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OPINION: Finance-sector efforts to combat climate change don't yet add up

by Laurence Tubiana | @LaurenceTubiana | European Climate Foundation
Monday, 26 April 2021 14:01 GMT

FILE PHOTO: An aerial view shows power-generating windmill turbines in a wind farm in Graincourt-les-Havrincourt, France, April 27, 2020. Picture taken with a drone REUTERS/Pascal Rossignol/File Photo

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* Any views expressed in this opinion piece are those of the author and not of Thomson Reuters Foundation.

A new set of principles will soon make it possible to measure progress on climate commitments and raise ambition across the whole financial sector

There is an old French saying, “nous sommes nos choix,” or, in English, “we are our choices.” But will the sum total of our choices add up to the future we need?

Recently, world leaders gathered virtually at the Leaders Summit on Climate.  With the global COVID-19 pandemic and worsening climate crisis, these leaders recognize the need for sustainable recovery and are increasingly committing to ambitious action. Last week, the US vowed to cut emissions in half by 2030 and the EU reached a deal to become “climate neutral” by 2050.

Meeting these targets requires across-the-board action, including in the financial sector, which faces the challenge of meeting the Paris Agreement’s call to make “finance flows consistent with a pathway towards low greenhouse gas emissions and climate-resilient development.” Many groups, including finance ministers, central banks, development banks, asset owners, asset managers, and commercial banks, have reacted by forming coalitions for sustainable finance, committing to align finance with the Paris Agreement and target net zero emissions by 2050.

Yet, these financial actors are working mostly in silos and the credibility of commitments can be difficult to assess. The sum total of their individual commitments would almost certainly not add up to a net-zero sustainable trajectory: the pace of change and impact on the real economy is likely to be too slow, with lock-in of high carbon assets and serious unmitigated climate risks far before 2050.

This gap is particularly evident when looking at the investment levels needed to align with policy targets. Climate Policy Initiative estimates that just over USD 600 billion was spent on climate action globally in 2019, compared with the IPCC estimate that USD 1.6-3.8 trillion will be needed annually within the energy sector alone to stay within Paris goals.

The COVID-19 crisis has also shown us that we need a more holistic framework to address social issues, employment, and resilience. Actors in developed economies, in particular, have a greater responsibility to support and accelerate action in developing economies, where debt burdens and borrowing costs are increasing in parallel with increasing social and environmental vulnerability. It is critical that the current discussions with the International Monetary Fund and World Bank around a reallocation of Special Drawing Rights for climate and Sustainable Development Goal investment reach a positive conclusion.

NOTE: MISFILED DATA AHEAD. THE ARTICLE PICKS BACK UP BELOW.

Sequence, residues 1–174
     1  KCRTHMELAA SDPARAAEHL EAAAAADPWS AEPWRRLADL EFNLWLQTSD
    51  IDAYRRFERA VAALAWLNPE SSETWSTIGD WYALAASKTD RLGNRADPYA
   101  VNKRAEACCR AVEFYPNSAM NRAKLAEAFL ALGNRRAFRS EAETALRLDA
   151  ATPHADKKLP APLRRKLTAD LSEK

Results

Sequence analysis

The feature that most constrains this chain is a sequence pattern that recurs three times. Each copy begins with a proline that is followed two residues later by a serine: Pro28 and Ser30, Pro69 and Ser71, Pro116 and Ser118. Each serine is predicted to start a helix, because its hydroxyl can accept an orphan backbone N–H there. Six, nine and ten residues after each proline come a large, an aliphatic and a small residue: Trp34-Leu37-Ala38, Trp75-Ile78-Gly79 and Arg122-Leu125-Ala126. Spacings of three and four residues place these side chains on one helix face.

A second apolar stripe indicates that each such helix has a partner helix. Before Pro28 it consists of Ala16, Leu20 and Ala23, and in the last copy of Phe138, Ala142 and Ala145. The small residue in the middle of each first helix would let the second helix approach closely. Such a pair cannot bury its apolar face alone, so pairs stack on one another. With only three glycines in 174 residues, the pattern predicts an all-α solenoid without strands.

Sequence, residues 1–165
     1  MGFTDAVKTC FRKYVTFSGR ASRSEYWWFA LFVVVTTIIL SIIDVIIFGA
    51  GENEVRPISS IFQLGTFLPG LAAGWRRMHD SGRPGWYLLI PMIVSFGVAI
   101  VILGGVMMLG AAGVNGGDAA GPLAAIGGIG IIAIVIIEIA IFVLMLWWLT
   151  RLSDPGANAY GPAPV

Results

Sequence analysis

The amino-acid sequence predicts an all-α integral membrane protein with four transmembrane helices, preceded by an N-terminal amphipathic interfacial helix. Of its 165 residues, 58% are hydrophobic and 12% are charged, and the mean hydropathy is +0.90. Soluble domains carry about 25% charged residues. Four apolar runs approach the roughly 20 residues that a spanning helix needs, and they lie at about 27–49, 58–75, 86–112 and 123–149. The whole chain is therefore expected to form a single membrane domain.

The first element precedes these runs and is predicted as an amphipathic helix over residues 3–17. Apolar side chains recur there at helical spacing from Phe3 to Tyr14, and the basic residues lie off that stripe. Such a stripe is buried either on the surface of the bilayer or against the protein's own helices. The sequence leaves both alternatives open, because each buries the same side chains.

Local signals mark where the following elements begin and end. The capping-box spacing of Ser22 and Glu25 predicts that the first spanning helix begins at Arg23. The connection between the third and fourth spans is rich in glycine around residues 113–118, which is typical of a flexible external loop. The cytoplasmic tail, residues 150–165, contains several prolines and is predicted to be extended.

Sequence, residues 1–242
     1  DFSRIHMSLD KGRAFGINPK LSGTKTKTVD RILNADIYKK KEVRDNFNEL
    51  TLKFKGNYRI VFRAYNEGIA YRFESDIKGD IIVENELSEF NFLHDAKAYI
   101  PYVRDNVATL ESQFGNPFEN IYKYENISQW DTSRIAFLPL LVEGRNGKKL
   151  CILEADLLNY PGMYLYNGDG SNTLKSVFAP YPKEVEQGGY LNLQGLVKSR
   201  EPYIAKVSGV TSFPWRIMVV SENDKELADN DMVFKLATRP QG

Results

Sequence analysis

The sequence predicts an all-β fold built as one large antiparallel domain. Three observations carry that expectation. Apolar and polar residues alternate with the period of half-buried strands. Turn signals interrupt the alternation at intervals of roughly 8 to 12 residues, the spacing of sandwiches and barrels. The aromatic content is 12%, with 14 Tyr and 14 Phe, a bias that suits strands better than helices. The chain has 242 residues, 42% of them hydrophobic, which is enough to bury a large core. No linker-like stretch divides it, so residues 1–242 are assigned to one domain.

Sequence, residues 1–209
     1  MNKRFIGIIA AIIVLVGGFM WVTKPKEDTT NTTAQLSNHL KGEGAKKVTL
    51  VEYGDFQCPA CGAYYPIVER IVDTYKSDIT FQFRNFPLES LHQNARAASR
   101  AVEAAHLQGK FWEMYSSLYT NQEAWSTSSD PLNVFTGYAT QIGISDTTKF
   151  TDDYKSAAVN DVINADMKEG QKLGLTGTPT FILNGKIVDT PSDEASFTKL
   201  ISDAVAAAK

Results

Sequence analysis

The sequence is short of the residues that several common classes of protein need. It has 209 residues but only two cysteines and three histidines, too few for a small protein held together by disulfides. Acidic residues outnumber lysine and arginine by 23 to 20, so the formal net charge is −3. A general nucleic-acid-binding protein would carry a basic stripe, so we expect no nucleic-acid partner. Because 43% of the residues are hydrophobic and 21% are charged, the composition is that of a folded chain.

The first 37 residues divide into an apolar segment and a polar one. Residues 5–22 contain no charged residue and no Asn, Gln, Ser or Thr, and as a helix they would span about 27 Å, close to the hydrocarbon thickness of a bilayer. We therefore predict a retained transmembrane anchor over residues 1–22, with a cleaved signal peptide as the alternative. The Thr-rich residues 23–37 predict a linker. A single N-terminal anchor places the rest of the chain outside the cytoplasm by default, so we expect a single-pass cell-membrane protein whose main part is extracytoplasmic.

There is therefore a need to increase the ambition, credibility, and accountability of commitments, and provide the connective tissue between the various efforts to ensure the race to zero stays on course and goes at pace.

There is appetite for this.

A coalition of financial sector leaders will soon launch the “Principles for Sustainable Finance Integrity.” These Principles were developed by leaders from each segment of the financial ecosystem, including leading insurers, commercial banks, development banks, asset managers, NGOs and government representatives across Asia, Africa, Europe and the Americas. 

This is the first time a framework provides a way to measure progress and raise ambition across the full financial sector. It is also the first time that a framework for sustainable finance details both minimum and leadership benchmarks, creating guardrails for accountability as well as a common vision for creating the lasting transformation needed.

However, this is only the start. The Paris Agreement created a framework that allows for a “race to the top,” taking on the need for more coordinated action and providing a system for accountability. The Principles for Sustainable Finance Integrity do the same.

As we head to COP26, there are opportunities to start bringing together the pieces of the financial and economic puzzle. Ultimately, COP26 will be the moment of truth for Paris Agreement implementation, and commitments are not enough. We need clarity on how to translate these commitments into reality in investments.

As we head to this moment of truth, I urge leaders to think big. If we work together, breaking through silos and increasing accountability to commitments, we can ensure the sum of our choices adds up to the future we want: One that works for everyone.

Laurence Tubiana is CEO of the European Climate Foundation. She was France’s Climate Change Ambassador and Special Representative for COP21, and as such a key architect of the landmark Paris Agreement.

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